Feature writing

Social media

Put down your phone. The best things in life are not on Instagram

The Daily Beast

June 20, 2017

The invitation was to a very nice-sounding party to promote something. I may well go. The added enticement was the promise that this would be an “Insta-worthy event”: a terrible collision of words that signals the kind of social trend that, all too familiarly, makes you want to scream into the void.

Confession: I am not on Instagram, and so I only enjoy the world of filters, and heavily curated lunches and gorgeous bodies and picnics and sea, and flowers, and fruit stands, and cool people, and lazy afternoons and trips abroad, at a remove. And enjoy them I do. People’s Instagram accounts, and other social media, are like heavily stylized photo albums, but made public instead of kept private within your home or within families.

Because they are public, they tell the story of a life their owners choose. An Instagram account is a prettified palace of partial truths or outright set of lies; pictures that speak of intimacy but are rarely intimate. A personal Instagram account provides a stage for the performance of self-revelation. Instagram makes you your own publicist. Instagram tells us about where you are in the world, your select access to fashionable people and tribes, fun, and success. There are rarely Doritos to be excavated from crevices in your sofa.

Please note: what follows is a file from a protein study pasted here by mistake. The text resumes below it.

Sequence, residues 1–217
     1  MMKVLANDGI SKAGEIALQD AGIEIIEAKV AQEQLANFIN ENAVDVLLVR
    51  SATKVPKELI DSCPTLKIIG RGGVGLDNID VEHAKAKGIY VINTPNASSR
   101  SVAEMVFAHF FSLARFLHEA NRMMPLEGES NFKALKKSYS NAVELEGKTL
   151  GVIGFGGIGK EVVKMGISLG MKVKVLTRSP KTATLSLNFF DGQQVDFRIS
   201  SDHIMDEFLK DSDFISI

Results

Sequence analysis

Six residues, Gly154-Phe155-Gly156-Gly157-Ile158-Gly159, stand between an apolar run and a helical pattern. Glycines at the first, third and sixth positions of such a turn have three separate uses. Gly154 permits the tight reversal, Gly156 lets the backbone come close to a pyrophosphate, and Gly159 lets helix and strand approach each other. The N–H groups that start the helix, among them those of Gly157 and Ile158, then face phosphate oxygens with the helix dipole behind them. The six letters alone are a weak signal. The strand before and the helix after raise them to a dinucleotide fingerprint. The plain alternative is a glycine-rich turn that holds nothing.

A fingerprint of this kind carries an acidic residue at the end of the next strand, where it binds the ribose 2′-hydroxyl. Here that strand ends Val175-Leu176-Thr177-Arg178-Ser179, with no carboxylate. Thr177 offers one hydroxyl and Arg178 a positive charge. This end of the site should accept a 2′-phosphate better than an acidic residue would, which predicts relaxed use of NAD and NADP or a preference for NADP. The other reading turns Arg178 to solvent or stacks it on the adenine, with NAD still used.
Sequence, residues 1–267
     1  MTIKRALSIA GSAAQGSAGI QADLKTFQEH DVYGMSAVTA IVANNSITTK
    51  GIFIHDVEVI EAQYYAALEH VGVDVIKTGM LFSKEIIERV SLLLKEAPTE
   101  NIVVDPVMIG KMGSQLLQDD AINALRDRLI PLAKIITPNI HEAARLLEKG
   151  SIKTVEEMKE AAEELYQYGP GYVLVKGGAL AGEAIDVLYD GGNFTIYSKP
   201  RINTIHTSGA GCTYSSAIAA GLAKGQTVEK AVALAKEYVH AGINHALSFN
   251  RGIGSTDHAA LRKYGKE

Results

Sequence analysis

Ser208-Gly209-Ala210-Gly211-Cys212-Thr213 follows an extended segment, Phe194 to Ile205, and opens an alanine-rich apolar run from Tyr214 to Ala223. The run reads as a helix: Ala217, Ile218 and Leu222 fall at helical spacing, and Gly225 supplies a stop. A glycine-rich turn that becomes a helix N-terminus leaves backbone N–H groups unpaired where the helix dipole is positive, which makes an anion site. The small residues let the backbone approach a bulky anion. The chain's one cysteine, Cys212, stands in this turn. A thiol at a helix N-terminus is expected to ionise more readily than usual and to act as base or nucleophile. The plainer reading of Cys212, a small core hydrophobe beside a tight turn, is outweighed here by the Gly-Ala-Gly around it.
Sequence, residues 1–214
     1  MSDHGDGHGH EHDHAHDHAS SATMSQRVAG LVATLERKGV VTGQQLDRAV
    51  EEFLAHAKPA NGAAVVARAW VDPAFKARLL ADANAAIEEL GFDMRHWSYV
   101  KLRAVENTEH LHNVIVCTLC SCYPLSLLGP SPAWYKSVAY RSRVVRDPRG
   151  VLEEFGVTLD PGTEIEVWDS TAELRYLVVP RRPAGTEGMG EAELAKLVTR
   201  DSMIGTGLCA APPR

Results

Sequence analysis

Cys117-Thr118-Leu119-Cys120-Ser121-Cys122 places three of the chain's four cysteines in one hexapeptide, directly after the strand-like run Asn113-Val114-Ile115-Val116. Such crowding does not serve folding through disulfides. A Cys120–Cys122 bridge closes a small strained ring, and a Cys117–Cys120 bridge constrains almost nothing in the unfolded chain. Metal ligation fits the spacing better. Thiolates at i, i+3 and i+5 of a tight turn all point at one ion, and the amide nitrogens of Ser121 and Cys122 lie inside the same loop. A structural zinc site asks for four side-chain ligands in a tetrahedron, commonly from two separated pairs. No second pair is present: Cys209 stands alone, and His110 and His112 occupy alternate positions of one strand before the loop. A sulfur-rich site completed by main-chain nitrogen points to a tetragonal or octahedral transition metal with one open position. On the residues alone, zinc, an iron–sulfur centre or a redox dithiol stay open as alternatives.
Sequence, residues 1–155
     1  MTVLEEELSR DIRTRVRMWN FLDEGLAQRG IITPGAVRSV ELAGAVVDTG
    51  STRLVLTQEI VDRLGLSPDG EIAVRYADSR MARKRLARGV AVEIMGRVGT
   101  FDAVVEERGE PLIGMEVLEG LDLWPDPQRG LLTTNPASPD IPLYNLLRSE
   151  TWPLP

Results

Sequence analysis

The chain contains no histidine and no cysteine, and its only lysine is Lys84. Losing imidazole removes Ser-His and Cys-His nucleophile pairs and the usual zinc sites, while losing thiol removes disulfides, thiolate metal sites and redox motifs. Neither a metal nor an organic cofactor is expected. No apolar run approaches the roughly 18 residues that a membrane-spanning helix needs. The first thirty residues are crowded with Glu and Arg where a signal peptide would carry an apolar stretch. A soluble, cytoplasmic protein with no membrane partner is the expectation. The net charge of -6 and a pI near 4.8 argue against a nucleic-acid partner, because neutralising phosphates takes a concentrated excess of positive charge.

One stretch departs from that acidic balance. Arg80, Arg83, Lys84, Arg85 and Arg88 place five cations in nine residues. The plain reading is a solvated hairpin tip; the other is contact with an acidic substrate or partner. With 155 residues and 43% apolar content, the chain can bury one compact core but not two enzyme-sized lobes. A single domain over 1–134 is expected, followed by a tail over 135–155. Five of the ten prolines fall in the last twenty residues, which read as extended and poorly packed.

It’s only inevitable, given how popular Instagram is, and social media sites like it, that events are now being tailored to it. Once a product becomes a word or phrase and “Instagram” is a verb as well as a name (and an adjective too), its success cannot be disputed or dismissed.

The invitation that said the event was “Insta-worthy” was really saying: “Come here, and the food and drinks and surroundings will look so good that you will be able to take pictures of them, which you will probably manipulate in some way to make look even better, and then post those pictures to a social media account, which will promote the product we want to sell.”

Here, the product wins, and the invitee wins too: a perfect commercial, promotional symbiosis.

But even if it wasn’t so nakedly commercial, so many events and occasions now strive to be “Insta-worthy,” where once we would have taken a photograph of them to record the meaningfulness of the moment, to then hold for ourselves, or show to friends and loved ones.

But now these private acts of meaning have become fetishized and public. If you go to a restaurant, there are people around taking pictures of the food with as much focused intensity as Michelangelo finishing David’s left buttock.